CORVALLIS, Ore. - A new Oregon State University survey suggests that many Oregon K-12 teachers are becoming increasingly frustrated by the state's budget woes, and the combination of low salaries, larger classrooms and fewer resources is causing many educators to rethink their profession, move out of state, or seek additional employment.
Most of the teachers surveyed say they would prefer remaining in Oregon because they like the area and have family ties. But others cited fiscal instability and a lack of support as factors that may sway them into moving across the state borders.
"Oregon is in danger of facing an epidemic of teacher burnout and attrition," said LeoNora Cohen, an associate professor of education at OSU. "Teaching is not an easy profession to begin with, and the added stresses of job insecurity, growing classrooms and dwindling support are exacerbating the problems."
Cohen and a team of graduate students surveyed 90 teachers in Oregon on their perceptions of the funding crisis in Oregon public schools. The lengthy questionnaires focused on teacher attitudes, personal and financial issues, classroom and working conditions, and changes in the teaching profession.
Not surprisingly, many of the respondents said they enjoyed teaching less today than they did five years ago, though they felt student achievement is comparable. As a group, however, they expressed a low degree of optimism for the direction Oregon public schools are going.
"Oregon has very high standards for teaching, there has been an enormous impact from the 'No Child Left Behind' mandate, the retirement system is failing, and now the lack of a budget cushion is adding multiple pressures on teachers," Cohen said. "It isn't just teachers who are discouraged; it is parents, community leaders, and students themselves.
"Our education woes haven't gone unnoticed nationally, either," she added. "Oregon is fast becoming known as 'the Mississippi of the West.'"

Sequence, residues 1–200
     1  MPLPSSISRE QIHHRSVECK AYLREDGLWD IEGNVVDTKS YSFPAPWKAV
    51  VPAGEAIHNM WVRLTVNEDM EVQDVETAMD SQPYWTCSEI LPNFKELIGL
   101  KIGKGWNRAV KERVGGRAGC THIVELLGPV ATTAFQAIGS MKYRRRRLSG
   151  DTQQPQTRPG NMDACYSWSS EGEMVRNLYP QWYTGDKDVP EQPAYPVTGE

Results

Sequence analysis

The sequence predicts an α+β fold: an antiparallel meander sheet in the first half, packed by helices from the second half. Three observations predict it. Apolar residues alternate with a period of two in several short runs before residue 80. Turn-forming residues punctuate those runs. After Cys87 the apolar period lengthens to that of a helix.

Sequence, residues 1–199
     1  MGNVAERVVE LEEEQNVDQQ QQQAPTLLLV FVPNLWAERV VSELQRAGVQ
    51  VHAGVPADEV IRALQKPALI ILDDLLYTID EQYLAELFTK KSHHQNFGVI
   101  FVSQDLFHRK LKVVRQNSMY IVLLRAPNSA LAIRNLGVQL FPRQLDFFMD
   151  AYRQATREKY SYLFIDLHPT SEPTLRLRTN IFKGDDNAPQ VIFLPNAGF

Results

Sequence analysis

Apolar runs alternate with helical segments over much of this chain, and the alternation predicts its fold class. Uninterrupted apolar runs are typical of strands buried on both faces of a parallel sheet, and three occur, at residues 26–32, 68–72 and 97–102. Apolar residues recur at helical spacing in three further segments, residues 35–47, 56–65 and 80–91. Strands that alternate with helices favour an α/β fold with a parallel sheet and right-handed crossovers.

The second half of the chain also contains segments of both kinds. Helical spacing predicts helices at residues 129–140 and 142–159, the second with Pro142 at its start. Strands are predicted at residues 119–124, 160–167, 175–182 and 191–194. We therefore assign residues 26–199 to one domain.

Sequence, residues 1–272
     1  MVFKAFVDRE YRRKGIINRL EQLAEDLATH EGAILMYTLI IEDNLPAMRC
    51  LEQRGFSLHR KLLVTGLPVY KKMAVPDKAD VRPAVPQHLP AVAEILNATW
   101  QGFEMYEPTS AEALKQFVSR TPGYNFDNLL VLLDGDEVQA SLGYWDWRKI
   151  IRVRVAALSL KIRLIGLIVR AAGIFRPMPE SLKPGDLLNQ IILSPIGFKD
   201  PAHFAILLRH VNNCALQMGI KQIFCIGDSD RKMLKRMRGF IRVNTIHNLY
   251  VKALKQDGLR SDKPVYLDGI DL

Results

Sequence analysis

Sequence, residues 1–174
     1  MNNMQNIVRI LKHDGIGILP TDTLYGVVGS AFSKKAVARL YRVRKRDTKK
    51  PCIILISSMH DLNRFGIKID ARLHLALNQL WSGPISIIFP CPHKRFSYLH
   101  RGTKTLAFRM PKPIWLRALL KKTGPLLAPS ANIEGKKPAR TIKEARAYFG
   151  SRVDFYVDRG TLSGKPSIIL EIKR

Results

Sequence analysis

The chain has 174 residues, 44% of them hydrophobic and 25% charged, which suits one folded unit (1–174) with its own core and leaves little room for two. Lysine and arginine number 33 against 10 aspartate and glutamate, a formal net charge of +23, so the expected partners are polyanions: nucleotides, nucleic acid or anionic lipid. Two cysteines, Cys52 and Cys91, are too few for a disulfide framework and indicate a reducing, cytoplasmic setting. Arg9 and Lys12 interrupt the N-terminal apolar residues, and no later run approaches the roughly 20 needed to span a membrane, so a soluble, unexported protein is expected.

Cohen said the survey - which she calls exploratory, yet important - tapped into a vein of frustration that many Oregon K-12 teachers are feeling. The "big picture" issues of larger classrooms and fewer teachers are well-documented, she said, but teachers point to a variety of issues that affect student learning yet may not be as visible.
A growing number of students are on Individual Education Programs (IEPs) and that, coupled with the loss of teacher aides, can have a profound effect on classrooms.
In the OSU survey, 81 percent of the teachers say they are teaching more students with special needs than five years ago. Many of these students have attention-deficit disorders, autism, or learning disorders, while others use English as a second language.
Another effect, Cohen said, has been the elimination of specialists who teach music, art, shop and physical education. Classroom teachers have to pick up the slack, which usually eliminates any prep periods they may have used in the past.
"One result is that teachers are spending more and more time outside the classroom preparing lesson plans and grading assignments," Cohen said.
Half of the survey respondents said one of the most significant changes they face as a result of budget cuts has been the advent of "no-frills teaching," which translates into more lectures, fewer special projects, less group work and cooperative learning, fewer electives and fewer hands-on learning opportunities.
"In other words, most of what we have learned in the last 25 years of educational best practices are going out the window because of the budget squeeze," Cohen said. Teachers also are being affected on the bottom line, the OSU survey found. Nine out of 10 teachers report that they have experienced a negative salary impact from budget woes, either through salary reduction, the number of "cut days" lopped off the school year or through additional personal investment in the classroom.
Wrote one teacher: "I have paid for more materials this year…file folders, glue sticks, etc. We haven't had a real raise in years."
Others say they are spending less on the classroom out of necessity - they simply cannot afford it. More than one-fourth (28 percent) of the respondents say they or their partners have had to get another job to make ends meet, or that they were seeking additional employment. And they have had to do major belt-tightening. Noted one teacher: "We have had to eat a lot of oatmeal because of the salary cuts."
Cohen said 73 percent of the teachers surveyed say their health has been adversely affected by the public school budget crisis. Stress, depression, anxiety, sleeplessness, and weight problems are commonplace, she pointed out.
"Despite the impact of the budget on teachers, their greatest concern is what effect the fiscal crunch has on the school children and their ability to learn," Cohen said. "Teachers in the sample are an altruistic group, yet clearly the stresses on teachers cannot mean good things for students.
"When nearly three-fourths of the teachers feel their health is at-risk, that means that burnout and attrition are serious risks," she added. "Hopefully, this study will provide support for teachers in the field and encourage Oregon to provide a stable funding base for education. It also means that we need to prepare prospective teachers in our schools of education for the reality of teaching."
OSU students assisting in the survey included Aaron Barnes, L. Earl Fonville, Andy Hordichok, Jeannette Smith, and Kathleen Smith.